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Nurses in demand as Kentucky hospitals continue to struggle with shortages

UK Good Samaritan Hospital in Lexington.
Corinne Boyer
UK Good Samaritan Hospital in Lexington.

Local hospital leaders say that as COVID-19 pressures go down, lack of staffing has become a new crisis.

An August report by the Kentucky Hospital Association found that more than one in five nursing positions were vacant at the end of 2021, representing more than 5,000 unfilled jobs. This was based on a survey of more than 100 hospitals. Representatives from the KHA held a press conference at the state capitol on Thursday to discuss the findings.

The survey showed the rate of vacancies among medical-surgical nurses and critical care nurses was higher than the statewide average, at about 30% and 27%, respectively.

About one in six total hospital positions were unfilled, according to the report, with the highest vacancy rates among licensed practical nurses and registered nurses. Nearly a third of those nurses were new hires by the end of 2021.

Nancy Galvagni, the KHA’s president and CEO, said travel nurses sometimes fill those missing roles. But they usually only stay at a hospital for about 13 weeks before moving on to their next location.

“We really saw the increase in the travel nurses hitting during the COVID pandemic. And even though COVID has largely died down, we haven't gotten away from having to use travel nurses to supplement our staff,” Galvagni said.

According to the report, vacancy rates in Kentucky nursing jobs grew significantly over the past decade. For medical, surgical and telemetry registered nurses, around 4% of jobs were unfilled in 2010. That rate rose to 12% in 2015 and jumped to 30% last year.

As other states and regions contend with a hiring shortage, local hospital representatives acknowledged the same struggles in their own backyard.

Kathi Eldridge is the associate vice president of talent acquisition at Baptist Health, which had 11 Kentucky hospitals take part in the report. She said prior to the pandemic, there were about 1,400 job openings across the company. But now there are over 3,000, leading to a vacancy rate of around 11%.

“I think the pandemic definitely exacerbated the labor shortage, especially for nurses… Now that the pandemic is slowing down, what we're finding is that most of our seasoned workers, our seasoned nurses, are deciding to move out of the industry or take jobs that are not by the bedside,” Eldridge said.

She also said there are not enough new nursing school graduates entering the system to fill the gaps, at a time when many more nurses are preparing for retirement.

While the report found that the majority of nurses are aged 21 to 40, more than a third of nurses working in psychiatric care and more than a quarter working in operating rooms or post-acute care units are expected to retire by 2030.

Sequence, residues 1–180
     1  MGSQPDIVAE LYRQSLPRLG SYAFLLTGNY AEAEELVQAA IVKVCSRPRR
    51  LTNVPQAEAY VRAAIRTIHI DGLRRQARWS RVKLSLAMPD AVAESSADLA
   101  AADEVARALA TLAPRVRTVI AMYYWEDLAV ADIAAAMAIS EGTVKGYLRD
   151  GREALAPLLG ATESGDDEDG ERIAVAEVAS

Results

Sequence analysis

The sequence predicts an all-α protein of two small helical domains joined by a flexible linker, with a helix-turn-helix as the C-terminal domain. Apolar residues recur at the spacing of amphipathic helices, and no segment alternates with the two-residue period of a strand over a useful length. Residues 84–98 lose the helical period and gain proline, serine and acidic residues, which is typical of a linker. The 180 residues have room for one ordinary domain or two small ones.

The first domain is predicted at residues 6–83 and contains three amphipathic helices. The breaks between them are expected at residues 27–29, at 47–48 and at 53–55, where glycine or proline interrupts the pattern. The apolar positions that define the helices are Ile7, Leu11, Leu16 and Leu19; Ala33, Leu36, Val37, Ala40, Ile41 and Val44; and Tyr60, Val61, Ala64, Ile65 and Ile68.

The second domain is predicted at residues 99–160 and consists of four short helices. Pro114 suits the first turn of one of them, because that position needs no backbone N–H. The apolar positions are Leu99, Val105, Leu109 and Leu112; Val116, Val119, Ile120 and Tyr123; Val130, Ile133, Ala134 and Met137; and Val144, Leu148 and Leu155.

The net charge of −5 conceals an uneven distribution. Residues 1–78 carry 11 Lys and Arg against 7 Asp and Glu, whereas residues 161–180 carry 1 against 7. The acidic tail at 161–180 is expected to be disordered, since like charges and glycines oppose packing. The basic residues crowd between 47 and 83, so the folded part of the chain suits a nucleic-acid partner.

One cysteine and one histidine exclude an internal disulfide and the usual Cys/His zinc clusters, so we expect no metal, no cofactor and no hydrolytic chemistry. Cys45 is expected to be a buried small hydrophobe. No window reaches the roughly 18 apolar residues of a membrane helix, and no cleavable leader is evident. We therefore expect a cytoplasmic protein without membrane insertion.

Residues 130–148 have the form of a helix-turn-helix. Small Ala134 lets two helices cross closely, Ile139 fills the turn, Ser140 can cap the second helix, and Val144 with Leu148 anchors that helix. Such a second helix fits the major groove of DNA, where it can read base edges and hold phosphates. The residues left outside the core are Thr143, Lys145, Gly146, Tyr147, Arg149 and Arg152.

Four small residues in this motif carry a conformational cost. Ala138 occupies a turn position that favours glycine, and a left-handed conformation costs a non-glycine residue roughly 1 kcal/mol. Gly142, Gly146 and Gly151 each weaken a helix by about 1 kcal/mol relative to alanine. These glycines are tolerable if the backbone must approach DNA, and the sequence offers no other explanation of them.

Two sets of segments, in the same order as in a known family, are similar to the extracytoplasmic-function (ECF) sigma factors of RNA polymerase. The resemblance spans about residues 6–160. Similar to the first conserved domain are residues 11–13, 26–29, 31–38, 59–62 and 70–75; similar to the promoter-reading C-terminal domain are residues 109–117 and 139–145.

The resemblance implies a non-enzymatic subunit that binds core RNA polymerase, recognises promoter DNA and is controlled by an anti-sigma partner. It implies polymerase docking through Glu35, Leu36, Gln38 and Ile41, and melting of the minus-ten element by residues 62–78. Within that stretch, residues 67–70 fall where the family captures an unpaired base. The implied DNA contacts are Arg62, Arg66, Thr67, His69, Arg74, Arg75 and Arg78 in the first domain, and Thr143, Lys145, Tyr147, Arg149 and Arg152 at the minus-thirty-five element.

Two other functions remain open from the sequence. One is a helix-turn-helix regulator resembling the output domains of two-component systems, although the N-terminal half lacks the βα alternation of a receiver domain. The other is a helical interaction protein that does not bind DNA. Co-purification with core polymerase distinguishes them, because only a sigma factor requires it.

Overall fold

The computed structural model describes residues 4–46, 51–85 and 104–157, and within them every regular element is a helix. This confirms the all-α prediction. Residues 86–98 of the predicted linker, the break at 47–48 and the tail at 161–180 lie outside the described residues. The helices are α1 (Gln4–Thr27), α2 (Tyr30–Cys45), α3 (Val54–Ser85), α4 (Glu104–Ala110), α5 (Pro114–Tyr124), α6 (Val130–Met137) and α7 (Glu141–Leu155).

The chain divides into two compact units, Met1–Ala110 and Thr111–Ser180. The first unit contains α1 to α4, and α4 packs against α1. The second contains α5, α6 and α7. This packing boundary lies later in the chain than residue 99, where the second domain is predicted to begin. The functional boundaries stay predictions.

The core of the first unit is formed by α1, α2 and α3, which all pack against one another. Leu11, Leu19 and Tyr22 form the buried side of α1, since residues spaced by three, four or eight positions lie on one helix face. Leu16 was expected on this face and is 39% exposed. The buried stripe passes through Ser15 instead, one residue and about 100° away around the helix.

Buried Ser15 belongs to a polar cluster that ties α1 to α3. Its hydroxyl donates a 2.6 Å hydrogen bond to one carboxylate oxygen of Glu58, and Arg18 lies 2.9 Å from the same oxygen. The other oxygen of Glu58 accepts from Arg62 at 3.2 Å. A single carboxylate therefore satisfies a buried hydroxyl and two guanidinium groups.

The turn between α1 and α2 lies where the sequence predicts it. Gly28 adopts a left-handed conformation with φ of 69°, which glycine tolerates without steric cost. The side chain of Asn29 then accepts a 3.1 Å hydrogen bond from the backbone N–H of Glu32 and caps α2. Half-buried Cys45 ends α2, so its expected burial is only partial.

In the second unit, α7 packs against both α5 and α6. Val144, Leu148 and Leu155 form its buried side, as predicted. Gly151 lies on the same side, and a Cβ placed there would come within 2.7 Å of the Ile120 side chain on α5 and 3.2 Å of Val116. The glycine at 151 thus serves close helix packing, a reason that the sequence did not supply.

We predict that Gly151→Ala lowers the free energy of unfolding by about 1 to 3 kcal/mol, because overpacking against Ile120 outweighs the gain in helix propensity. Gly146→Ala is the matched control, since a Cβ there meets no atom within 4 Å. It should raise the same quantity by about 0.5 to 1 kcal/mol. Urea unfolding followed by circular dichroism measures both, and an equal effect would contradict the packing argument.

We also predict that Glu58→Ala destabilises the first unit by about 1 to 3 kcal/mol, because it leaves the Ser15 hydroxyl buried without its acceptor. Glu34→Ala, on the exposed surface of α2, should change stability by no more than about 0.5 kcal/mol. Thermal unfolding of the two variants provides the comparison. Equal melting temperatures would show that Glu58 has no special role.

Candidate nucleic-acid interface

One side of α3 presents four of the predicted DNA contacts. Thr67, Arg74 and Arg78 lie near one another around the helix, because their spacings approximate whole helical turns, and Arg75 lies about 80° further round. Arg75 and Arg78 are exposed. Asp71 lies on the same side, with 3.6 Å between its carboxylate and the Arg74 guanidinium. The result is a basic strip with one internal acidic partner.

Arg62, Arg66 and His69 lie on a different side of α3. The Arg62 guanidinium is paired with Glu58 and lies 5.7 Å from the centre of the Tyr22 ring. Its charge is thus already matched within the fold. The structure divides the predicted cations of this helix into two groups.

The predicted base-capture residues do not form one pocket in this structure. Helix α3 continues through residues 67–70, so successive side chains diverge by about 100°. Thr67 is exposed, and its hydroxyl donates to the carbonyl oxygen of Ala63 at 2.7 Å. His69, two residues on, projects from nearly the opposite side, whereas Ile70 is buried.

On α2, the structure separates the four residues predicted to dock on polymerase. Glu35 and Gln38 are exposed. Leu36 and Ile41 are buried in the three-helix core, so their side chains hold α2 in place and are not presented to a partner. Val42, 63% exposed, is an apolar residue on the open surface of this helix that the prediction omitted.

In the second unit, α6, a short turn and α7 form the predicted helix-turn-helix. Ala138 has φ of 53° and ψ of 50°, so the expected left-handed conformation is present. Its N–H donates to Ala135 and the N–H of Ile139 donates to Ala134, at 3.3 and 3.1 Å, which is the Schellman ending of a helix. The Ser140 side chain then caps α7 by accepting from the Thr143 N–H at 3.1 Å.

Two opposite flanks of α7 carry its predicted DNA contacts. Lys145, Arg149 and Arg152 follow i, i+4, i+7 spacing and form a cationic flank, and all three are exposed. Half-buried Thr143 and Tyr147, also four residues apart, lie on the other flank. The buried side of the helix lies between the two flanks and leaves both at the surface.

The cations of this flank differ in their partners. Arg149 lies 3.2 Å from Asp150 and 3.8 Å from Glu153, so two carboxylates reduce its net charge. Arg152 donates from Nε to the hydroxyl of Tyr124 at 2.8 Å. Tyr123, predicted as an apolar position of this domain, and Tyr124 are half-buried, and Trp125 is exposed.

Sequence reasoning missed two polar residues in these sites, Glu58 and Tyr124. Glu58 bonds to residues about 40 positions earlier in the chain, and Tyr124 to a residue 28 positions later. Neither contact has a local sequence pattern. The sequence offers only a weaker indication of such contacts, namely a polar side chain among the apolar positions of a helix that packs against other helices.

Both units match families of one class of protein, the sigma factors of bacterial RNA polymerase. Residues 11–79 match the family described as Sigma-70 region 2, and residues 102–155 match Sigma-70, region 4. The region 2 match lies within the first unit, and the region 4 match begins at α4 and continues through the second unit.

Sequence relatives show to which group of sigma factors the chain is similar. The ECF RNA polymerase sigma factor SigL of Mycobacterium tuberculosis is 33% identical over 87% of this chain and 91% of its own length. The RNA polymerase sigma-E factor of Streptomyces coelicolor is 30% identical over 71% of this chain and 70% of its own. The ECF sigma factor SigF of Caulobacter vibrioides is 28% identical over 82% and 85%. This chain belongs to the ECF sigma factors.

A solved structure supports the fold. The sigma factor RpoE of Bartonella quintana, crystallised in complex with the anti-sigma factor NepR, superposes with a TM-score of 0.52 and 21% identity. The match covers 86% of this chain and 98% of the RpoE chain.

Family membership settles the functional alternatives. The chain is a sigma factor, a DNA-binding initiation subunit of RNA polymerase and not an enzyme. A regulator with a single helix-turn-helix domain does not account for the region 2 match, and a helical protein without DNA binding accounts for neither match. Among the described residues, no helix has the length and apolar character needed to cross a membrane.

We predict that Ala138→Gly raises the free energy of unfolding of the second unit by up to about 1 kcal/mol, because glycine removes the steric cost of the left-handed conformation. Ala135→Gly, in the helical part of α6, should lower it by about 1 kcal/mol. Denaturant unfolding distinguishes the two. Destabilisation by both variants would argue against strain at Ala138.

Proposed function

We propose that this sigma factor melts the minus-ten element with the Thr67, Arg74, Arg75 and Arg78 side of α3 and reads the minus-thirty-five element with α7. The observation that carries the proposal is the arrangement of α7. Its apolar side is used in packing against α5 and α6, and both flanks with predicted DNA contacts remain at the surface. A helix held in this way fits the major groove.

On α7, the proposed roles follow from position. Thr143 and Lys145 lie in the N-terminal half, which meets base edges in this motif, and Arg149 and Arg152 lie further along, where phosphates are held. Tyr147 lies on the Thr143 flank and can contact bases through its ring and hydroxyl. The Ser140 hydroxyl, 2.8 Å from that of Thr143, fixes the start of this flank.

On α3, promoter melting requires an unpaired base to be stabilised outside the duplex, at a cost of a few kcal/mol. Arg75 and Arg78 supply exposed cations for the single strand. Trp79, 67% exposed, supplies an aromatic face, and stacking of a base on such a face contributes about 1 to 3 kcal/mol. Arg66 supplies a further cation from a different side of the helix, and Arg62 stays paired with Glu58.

Last year, the Journal of Nursing Regulation published a report based on a survey of American nurses during the first half of 2020. It found the median ages of registered and licensed practical nurses were 52 and 53 years, and that more than 20% of nurses planned to retire during the next five years.

Ken Marshall, the COO of UofL Health, which had six hospitals surveyed, said he believes many nurses are leaving or retiring due to the trauma from working during the pandemic.

He added that strengthening the education system to develop new nurses is crucial for combating shortages, but said that could take a while.

“My worry is that nothing's going to happen tomorrow. And that the position that we are in is going to be a position that we are in at least for five years, because that's about the time it takes to get someone trained and ready to be a nurse,” Marshall said.

Thursday’s press conference came after KHA’s Galvagni gave a presentation to the Kentucky legislature’s Interim Joint Committee on Economic Development. During the meeting, she said hospitals, especially rural ones, have been struggling financially this year due to inflation.

To combat Kentucky’s nursing shortage, state lawmakers passed a bill in the springallowing nursing schools to accept more students and making it easier for nurses licensed in other states and countries to work in the Commonwealth.

They also allocated $10 million in the state budget to support career development in the health care industry, including through grants and student outreach.

This story has been updated.

Jacob is LPM's Business and Development Reporter. Email Jacob at jmunoz@lpm.org.

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